One has to wake up pretty early in the morning to get the best of mixed martial artist/analyst Frank Trigg. In Mississauga, Ont., recently for an MMA Expo, the Rochester, NY, native talked to SLAM! Wrestling about his stint with TNA and shared his thoughts on life after the octagon.

Trigg has competed against some of the best fighters in the world, the likes of Matt Hughes and Georges St-Pierre. He also knows wrestling, having trained under the tutelage of famed wrestling coach Jack Spates at the University of Oklahoma.

Frank Trigg and A.J. Styles prepare to face off at No Surrender in September 2008. Photo by Mike Mastrandrea

Then last September, in Oshawa, Ont., Trigg competed on TNA’s No Surrender pay-per-view, where he took on A.J. Styles in an MMA-style match. So it isn’t surprising to hear Trigg mull over a professional wrestling afterlife when his MMA career is over.

Trigg noted that he and TNA discussed his returning to wrestling more or less on a sporadic basis. “We talked a little bit about it,” he elaborated. “We were trying to get back into it, but I signed my [four-fight] deal with UFC so that kind of pulls me out of pro wrestling at least for a while. But I was trying to get back in with TNA, and hopefully in the future once I’m retired from MMA and I’m full-time out of the sport, and ready to move on to something else, I can move into full-time pro wrestling.”

With Trigg’s amateur wrestling and judo credentials so extensive, it is interesting to hear his experience on learning the artform of professional wrestling.

“Tough, tough, man,” he emphasized. “I can cut a promo like nobody’s business. It’s easy to cut a promo than to actually do the sport. It’s tough. Pro wrestling is a tough, tough thing. It’s a lot of dedication. It’s a lot of me being able to work with a partner. In my expo, I don’t work with anybody. You’re punching me, I’m punching you; you’re kicking me, I’m kicking you.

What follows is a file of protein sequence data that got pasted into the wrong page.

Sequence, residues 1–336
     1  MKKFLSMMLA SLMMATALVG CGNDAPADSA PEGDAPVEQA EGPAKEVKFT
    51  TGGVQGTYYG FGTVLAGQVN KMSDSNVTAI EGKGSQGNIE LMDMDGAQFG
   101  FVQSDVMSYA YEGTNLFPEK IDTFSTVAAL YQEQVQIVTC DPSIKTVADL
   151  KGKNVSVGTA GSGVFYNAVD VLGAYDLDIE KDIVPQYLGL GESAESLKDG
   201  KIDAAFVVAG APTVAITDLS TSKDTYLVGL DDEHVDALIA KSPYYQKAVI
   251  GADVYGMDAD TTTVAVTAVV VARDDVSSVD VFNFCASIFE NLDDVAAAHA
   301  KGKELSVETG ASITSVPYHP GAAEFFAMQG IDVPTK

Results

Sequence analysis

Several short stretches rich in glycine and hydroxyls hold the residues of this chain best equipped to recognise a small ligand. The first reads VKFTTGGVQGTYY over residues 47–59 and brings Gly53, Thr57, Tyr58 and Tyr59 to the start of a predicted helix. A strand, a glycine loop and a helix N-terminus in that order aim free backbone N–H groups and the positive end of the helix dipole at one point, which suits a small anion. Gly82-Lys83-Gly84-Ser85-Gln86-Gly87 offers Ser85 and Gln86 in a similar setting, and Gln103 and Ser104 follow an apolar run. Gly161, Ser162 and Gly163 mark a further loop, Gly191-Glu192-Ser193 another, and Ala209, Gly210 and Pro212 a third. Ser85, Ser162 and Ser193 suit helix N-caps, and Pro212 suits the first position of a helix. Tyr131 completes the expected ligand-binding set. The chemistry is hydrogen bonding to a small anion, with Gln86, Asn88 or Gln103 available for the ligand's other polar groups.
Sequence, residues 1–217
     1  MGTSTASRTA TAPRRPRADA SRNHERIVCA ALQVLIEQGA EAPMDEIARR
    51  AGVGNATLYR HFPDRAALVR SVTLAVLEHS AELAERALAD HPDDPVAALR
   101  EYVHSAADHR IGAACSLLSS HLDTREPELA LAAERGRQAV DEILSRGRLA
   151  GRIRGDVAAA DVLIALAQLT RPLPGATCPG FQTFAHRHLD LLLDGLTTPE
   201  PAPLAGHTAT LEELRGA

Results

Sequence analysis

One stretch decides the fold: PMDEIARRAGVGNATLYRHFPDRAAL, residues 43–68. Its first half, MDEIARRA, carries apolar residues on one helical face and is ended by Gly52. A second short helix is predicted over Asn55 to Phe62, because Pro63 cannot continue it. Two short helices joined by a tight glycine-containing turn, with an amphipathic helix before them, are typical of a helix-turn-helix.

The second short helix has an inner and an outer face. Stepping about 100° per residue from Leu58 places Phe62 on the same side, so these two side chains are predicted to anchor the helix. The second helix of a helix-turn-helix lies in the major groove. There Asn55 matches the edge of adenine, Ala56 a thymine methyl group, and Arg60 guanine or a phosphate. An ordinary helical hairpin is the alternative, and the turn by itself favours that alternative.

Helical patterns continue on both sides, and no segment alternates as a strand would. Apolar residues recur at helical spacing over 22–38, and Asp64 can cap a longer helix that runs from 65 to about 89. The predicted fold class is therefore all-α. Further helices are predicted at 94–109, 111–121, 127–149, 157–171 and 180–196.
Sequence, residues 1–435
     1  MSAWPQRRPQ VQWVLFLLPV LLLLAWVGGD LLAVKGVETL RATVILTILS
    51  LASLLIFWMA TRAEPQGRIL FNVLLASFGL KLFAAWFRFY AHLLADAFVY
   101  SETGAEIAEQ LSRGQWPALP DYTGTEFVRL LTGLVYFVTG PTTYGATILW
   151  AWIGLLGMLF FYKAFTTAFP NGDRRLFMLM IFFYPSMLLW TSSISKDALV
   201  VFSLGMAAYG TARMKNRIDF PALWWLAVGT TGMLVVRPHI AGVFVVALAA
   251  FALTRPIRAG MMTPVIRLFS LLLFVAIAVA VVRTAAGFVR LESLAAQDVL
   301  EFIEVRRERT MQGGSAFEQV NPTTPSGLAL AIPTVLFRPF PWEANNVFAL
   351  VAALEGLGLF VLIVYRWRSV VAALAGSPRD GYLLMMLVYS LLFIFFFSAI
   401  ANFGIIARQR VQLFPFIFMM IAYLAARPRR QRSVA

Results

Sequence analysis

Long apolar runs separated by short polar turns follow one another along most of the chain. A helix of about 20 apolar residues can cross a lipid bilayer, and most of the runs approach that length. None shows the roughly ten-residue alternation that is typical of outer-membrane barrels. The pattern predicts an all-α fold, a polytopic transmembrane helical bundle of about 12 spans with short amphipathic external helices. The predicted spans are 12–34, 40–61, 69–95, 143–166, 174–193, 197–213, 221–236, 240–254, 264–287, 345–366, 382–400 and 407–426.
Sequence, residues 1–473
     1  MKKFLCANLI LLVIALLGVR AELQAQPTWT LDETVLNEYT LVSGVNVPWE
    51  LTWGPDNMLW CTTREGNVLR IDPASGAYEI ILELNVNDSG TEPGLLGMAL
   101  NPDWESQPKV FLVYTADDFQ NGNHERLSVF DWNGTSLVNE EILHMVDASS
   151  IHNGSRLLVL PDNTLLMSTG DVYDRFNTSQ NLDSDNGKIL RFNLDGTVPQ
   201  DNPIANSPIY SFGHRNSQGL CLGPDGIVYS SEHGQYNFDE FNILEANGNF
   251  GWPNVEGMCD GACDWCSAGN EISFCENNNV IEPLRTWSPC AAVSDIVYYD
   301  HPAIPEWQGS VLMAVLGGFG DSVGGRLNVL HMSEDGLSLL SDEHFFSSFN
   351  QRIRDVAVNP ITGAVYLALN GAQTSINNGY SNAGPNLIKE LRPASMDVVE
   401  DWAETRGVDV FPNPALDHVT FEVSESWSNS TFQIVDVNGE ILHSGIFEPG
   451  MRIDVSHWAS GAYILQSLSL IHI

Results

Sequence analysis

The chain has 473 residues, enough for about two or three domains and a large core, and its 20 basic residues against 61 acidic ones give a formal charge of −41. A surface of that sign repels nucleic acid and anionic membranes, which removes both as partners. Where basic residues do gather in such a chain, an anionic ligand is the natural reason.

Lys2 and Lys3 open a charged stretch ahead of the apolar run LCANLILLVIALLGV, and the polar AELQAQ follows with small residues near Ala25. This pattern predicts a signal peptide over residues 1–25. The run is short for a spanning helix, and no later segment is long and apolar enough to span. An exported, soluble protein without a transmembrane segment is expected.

“In pro wrestling, I have to be able to work with you. I have to trust that you’re going to put me in the right spot. You have to trust me that I’m going to go to the right spot that I’m not going to hurt you or be in the wrong spot when you try to kick me or try to move me around. It’s a dance that I wasn’t very familiar with.”

“It was way more difficult than I thought it was going to be.”

This Saturday, June 13th, UFC 99 goes down on pay-per-view, and Trigg offered his prediction for the main event, which features Rich Franklin matching up with Wanderlei “The Axe Murderer” Silva. “I like both athletes. Wanderlei Silva is my favorite fighter of all-time, but I really like Rich Franklin,” he said thoughtfully. “I like his attitude towards the fights. I like his dedication to learn how to be a better fighter every time. He’s not one of those guys that talks about getting better. He goes out there and truly tries to become a better athlete every single time that he fights. I say Wanderlei Silva is still a little too much for Rich Franklin to handle. I do think it’s going to get to the second round, but that Wanderlei is going to win, coming down the middle.”